But that’s not the way the world’s media saw it. ‘For them, the most important thing was going down the ladder. But that was the easy bit. Neil was an excellent photographer and he took that great picture. I was walking along the lunar surface, and he said, “Hey stop”, and he just took it. We call it the “visor picture” because the reflection in the visor shows the landing craft and the white-suited astronaut taking the picture, as well as my shadow. People ask me why it is such an iconic shot. I’ve got three words: Location. Location. Location’. Buzz recalls that while millions scrutinised their every move back home, ‘we didn’t get to see any of this until we were on the aircraft carrier. And I had this impulse to tap Neil on the shoulder and say: “Hey Neil, we missed the whole thing!” It was a proud moment to be an American citizen; to salute that flag on the surface of the Moon.’

I asked Buzz what effect going to the Moon had on him: ‘For sure Apollo 11 changed my life.

But each individual has their life changed by different events. He’s referring to what can only be described as coming down to Earth with a bump. For all the ticker tape parades, the handshakes with presidents and royalty of all nations, the adoration of the American public and the opportunity to cash in and become wealthy, Buzz’s world collapsed. Unable to answer the question ‘What’s next?’ the all-American hero slid into depression, unemployment and alcoholism. He became the world’s most famous down-and-out, and as he says, ‘it’s harder to be a bum when you’re a celebrity than when you’re no one.’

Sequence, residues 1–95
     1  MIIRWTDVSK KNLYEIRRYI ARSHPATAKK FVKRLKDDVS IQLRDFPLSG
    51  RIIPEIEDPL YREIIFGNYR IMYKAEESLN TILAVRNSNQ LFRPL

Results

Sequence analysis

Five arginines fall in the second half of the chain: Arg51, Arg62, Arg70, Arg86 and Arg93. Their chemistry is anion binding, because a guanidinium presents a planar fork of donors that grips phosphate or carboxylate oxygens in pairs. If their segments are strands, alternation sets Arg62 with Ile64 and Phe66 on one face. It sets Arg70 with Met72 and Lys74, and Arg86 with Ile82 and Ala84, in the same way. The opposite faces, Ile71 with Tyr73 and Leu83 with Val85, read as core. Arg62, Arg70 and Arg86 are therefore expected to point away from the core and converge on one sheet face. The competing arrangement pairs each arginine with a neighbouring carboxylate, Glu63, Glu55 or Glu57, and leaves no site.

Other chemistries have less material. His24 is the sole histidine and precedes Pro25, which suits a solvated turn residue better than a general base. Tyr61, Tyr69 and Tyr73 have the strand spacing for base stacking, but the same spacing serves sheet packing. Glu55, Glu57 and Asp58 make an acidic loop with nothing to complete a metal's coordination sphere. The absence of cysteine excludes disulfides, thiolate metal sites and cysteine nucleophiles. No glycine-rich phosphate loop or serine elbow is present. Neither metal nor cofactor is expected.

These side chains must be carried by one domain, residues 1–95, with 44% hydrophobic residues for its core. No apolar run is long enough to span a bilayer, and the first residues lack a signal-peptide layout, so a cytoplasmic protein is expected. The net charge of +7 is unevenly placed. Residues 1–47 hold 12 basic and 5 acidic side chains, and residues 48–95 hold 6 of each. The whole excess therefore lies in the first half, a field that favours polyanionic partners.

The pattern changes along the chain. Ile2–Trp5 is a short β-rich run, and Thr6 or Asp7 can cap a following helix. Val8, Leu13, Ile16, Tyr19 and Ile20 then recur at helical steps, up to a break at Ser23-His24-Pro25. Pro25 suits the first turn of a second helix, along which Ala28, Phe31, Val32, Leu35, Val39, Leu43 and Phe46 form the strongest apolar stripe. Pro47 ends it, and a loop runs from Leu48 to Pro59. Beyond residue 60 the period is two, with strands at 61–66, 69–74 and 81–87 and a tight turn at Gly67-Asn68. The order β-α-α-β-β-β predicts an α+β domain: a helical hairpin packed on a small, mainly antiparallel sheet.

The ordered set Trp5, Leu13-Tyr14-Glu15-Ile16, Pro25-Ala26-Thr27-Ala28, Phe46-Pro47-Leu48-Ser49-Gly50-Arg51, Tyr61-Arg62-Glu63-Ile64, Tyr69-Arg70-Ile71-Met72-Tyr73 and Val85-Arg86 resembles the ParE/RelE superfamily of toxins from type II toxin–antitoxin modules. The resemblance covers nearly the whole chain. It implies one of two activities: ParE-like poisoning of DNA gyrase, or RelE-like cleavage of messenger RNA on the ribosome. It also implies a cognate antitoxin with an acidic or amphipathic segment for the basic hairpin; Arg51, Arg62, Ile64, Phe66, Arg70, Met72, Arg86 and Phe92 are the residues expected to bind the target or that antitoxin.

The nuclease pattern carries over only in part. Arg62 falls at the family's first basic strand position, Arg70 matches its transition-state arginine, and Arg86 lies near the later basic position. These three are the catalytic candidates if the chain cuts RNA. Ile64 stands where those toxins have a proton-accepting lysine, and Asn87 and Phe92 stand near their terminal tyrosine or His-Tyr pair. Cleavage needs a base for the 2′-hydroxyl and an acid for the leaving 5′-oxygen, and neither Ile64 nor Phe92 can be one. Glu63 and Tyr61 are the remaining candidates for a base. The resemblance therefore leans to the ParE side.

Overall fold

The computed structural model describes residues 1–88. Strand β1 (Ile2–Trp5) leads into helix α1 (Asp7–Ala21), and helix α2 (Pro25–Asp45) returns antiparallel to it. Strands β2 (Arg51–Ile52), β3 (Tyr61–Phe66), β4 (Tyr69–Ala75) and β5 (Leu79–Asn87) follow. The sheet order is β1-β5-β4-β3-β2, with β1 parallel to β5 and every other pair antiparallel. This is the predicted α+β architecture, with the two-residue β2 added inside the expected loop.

With the US military unwilling to tolerate its heroes being anything other than perfect, Buzz’s career tanked. Forced out of the service, he became a second-hand car salesman trying to unload Cadillacs onto a public that only wanted to shake the hand of an astronaut. But, proving that you can’t keep a good man down, Buzz bounced back in true showboating fashion, his salvation in the form of the banking heiress Lois Driggs. They married on Valentine’s Day in 1988, and ever since Buzz has been a sober freelance astronaut advising governments and schoolchildren the world over on how to get back into space. It seemed that the real-life Superman needed his own Lois to get back up and running.

Buzz says that put simply, going to the Moon ‘was a demonstration of our evolution and our capabilities’. A master of understatement, he reveals that he thinks ‘we learned quite a lot. And it is now appropriate to build on that, to move onto a much bigger and grander objective by going to another planet. Not just to visit it a few times, but to set up a sustaining presence. Eventually, humans will leave the Solar System and go to other stars. Not in my lifetime. But we will learn how to do that.’

Nick Smith is a fellow of the Royal Geographical Society and the Explorers Club. His latest book is ‘Travelling Light’ and will be published in autumn 2024.